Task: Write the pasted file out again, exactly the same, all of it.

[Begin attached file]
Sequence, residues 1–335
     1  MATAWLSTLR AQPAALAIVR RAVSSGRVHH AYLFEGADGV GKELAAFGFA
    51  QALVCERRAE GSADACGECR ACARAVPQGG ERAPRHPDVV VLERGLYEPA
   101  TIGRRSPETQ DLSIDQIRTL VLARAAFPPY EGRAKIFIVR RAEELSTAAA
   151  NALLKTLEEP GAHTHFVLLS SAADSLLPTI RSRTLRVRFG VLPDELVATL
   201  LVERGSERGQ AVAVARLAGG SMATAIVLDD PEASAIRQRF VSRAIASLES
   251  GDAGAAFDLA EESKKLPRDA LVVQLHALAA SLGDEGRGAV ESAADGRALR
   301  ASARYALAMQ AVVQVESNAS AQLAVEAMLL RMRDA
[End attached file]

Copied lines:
Sequence, residues 1–335
     1  MATAWLSTLR AQPAALAIVR RAVSSGRVHH AYLFEGADGV GKELAAFGFA
    51  QALVCERRAE GSADACGECR ACARAVPQGG ERAPRHPDVV VLERGLYEPA
   101  TIGRRSPETQ DLSIDQIRTL VLARAAFPPY EGRAKIFIVR RAEELSTAAA
   151  NALLKTLEEP GAHTHFVLLS SAADSLLPTI RSRTLRVRFG VLPDELVATL
   201  LVERGSERGQ AVAVARLAGG SMATAIVLDD PEASAIRQRF VSRAIASLES
   251  GDAGAAFDLA EESKKLPRDA LVVQLHALAA SLGDEGRGAV ESAADGRALR
   301  ASARYALAMQ AVVQVESNAS AQLAVEAMLL RMRDA